“Without major technology acceleration, the industry will not meet net-zero targets. The technologies in use today can deliver significant emissions reductions, but they are insufficient on their own to meet the Paris Agreement goals,” said Allyson Anderson Book, vice president of energy transition for Baker Hughes. “Approximately 35% of cumulative CO2 emissions reductions to meet net-zero targets will come from technologies that are currently in prototype or demonstration stages.

“We’re investing for both organic growth and in more inorganic plays so we’ll be able to help our conventional customer base and expand beyond it,” she continued. “We are starting to look at and think about how what we are working on together can be applied, for example, to a steel company or to agriculture or other industrial sectors. We don’t think of steel and agriculture as energy industries, but they consume energy, so they are.” Book’s title—the only such one among service companies, and her stated role in working across Baker Hughes’ four vertical product companies—concretize the dual-approach strategy.

“I often question the term, ‘energy transition,’ because maybe part of it is a transition to a lower-carbon energy state, but it’s really about society getting there,” Book said. “And it will not happen on the backs of energy companies alone. But the oil and gas industry is uniquely qualified for this immense project because maybe no other industry has such a holistic, micro- and-macroproject management point of view.”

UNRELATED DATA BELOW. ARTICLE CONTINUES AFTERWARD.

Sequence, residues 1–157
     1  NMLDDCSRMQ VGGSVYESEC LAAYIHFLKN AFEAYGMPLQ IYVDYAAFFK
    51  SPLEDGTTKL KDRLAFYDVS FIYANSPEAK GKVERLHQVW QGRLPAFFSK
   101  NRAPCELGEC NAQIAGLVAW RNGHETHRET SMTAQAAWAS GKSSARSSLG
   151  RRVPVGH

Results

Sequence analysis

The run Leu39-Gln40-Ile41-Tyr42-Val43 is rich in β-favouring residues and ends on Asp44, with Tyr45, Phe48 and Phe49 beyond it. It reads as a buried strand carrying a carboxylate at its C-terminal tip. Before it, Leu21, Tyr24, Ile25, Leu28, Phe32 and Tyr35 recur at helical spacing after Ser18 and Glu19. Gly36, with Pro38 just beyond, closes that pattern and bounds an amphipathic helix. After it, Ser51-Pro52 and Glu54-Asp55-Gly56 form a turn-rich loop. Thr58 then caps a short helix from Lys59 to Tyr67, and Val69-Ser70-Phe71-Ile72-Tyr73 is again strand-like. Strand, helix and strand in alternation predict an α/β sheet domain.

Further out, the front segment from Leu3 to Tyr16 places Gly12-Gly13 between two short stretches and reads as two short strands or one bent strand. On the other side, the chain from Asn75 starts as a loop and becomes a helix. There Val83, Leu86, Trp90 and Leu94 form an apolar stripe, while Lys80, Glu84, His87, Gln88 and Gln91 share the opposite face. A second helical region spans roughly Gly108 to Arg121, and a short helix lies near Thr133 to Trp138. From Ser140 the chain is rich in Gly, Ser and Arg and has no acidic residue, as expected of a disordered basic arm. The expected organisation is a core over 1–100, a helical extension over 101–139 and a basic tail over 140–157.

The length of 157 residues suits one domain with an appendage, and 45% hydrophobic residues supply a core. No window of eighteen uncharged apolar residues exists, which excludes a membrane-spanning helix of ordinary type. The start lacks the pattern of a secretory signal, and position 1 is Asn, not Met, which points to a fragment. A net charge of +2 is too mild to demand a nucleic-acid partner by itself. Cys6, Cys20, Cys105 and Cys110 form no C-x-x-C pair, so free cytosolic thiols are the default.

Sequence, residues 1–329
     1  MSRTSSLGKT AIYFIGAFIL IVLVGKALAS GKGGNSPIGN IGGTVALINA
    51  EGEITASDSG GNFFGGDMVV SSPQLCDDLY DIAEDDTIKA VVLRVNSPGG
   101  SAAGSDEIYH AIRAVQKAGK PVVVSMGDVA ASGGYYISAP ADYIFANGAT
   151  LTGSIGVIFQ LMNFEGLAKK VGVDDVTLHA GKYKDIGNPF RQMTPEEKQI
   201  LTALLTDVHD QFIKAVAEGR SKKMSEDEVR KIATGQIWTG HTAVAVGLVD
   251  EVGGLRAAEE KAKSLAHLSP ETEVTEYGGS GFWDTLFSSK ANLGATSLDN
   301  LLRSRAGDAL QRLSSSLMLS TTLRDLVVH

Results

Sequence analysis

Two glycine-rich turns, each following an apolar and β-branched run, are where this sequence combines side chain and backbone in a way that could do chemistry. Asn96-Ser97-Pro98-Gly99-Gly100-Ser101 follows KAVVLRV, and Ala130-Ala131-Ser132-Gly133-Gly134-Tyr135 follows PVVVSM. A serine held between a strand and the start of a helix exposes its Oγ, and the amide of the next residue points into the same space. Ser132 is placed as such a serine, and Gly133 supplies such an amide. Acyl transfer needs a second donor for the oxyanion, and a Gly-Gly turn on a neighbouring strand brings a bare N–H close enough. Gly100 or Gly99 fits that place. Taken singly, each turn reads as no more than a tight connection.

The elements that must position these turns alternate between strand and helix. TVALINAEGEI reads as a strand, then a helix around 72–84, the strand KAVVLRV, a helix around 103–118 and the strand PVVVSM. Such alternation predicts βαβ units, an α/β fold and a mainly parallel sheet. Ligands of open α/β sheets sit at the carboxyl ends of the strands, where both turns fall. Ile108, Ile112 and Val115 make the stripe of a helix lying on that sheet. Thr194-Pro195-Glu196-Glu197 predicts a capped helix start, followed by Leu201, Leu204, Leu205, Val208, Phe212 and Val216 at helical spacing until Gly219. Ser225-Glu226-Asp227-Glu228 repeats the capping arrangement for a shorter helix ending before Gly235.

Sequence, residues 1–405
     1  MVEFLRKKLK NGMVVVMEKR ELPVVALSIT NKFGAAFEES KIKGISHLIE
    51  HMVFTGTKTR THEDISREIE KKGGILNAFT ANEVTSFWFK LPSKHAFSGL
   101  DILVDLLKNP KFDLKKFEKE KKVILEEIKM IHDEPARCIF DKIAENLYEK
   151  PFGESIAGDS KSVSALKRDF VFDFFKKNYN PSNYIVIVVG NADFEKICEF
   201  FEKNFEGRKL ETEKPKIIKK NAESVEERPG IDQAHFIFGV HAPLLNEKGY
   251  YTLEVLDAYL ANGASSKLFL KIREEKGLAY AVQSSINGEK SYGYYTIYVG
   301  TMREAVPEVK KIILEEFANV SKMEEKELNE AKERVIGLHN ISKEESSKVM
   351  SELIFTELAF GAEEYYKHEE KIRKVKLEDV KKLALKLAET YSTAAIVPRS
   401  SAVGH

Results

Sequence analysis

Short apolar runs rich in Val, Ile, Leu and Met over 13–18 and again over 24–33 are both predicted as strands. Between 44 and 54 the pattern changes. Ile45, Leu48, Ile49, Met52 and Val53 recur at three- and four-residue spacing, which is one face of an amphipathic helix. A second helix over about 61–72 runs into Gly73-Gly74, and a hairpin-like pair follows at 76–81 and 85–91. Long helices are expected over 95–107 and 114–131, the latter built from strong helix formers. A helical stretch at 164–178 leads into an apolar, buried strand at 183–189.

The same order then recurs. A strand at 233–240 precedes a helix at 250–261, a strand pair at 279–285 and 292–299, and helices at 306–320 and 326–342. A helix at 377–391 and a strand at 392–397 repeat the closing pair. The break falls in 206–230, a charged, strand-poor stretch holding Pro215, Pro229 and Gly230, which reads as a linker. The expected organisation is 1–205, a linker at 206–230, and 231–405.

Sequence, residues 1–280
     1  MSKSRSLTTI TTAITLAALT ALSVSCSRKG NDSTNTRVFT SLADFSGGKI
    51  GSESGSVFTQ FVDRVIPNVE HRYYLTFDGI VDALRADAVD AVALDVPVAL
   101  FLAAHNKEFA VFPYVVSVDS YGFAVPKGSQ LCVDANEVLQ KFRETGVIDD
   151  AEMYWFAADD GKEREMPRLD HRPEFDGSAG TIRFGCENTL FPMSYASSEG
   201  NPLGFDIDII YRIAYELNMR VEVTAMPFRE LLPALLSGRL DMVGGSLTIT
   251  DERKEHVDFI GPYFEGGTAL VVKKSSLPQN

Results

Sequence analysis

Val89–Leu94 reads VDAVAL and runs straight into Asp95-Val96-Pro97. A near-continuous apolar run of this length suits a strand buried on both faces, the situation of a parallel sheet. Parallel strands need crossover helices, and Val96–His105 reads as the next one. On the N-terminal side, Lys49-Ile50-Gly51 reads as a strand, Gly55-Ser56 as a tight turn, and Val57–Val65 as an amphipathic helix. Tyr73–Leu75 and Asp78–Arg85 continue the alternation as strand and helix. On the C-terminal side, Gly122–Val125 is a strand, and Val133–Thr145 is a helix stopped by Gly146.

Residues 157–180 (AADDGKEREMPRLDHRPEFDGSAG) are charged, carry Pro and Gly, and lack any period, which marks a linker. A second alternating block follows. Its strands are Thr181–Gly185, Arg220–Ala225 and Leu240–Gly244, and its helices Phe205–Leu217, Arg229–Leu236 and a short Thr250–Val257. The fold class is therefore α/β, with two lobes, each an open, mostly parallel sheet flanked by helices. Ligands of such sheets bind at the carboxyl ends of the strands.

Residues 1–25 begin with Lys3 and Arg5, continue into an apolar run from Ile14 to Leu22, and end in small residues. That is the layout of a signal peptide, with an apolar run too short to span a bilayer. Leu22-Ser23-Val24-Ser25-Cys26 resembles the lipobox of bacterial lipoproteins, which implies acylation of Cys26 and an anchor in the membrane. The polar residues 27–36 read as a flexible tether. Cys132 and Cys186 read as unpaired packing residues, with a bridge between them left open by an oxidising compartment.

“So, how do we achieve a sustainable balance between meeting the continued need for hydrocarbons and thriving in new energy?” Book asked rhetorically, then answered, “I always start with efficiency because that is the one that gets you there fastest.”

She said Baker Hughes’ dual approach involves, first, solving for the largest sources of Scope 1 and 2 emissions in today’s energy operations by deploying the most efficient and least emissive technologies. These include efficient power and compression, and efficient oilfield- and emissions-management solutions including digital technologies and intelligent asset management and optimization.